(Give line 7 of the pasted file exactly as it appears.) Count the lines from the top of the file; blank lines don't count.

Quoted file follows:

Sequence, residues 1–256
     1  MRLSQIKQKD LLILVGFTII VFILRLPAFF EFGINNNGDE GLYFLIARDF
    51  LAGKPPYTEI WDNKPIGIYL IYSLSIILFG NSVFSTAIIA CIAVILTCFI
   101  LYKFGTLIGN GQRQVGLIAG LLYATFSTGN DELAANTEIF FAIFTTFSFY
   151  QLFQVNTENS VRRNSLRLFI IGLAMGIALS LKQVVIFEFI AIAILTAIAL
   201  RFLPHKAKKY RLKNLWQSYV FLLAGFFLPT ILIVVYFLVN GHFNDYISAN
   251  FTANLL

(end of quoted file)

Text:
   251  FTANLL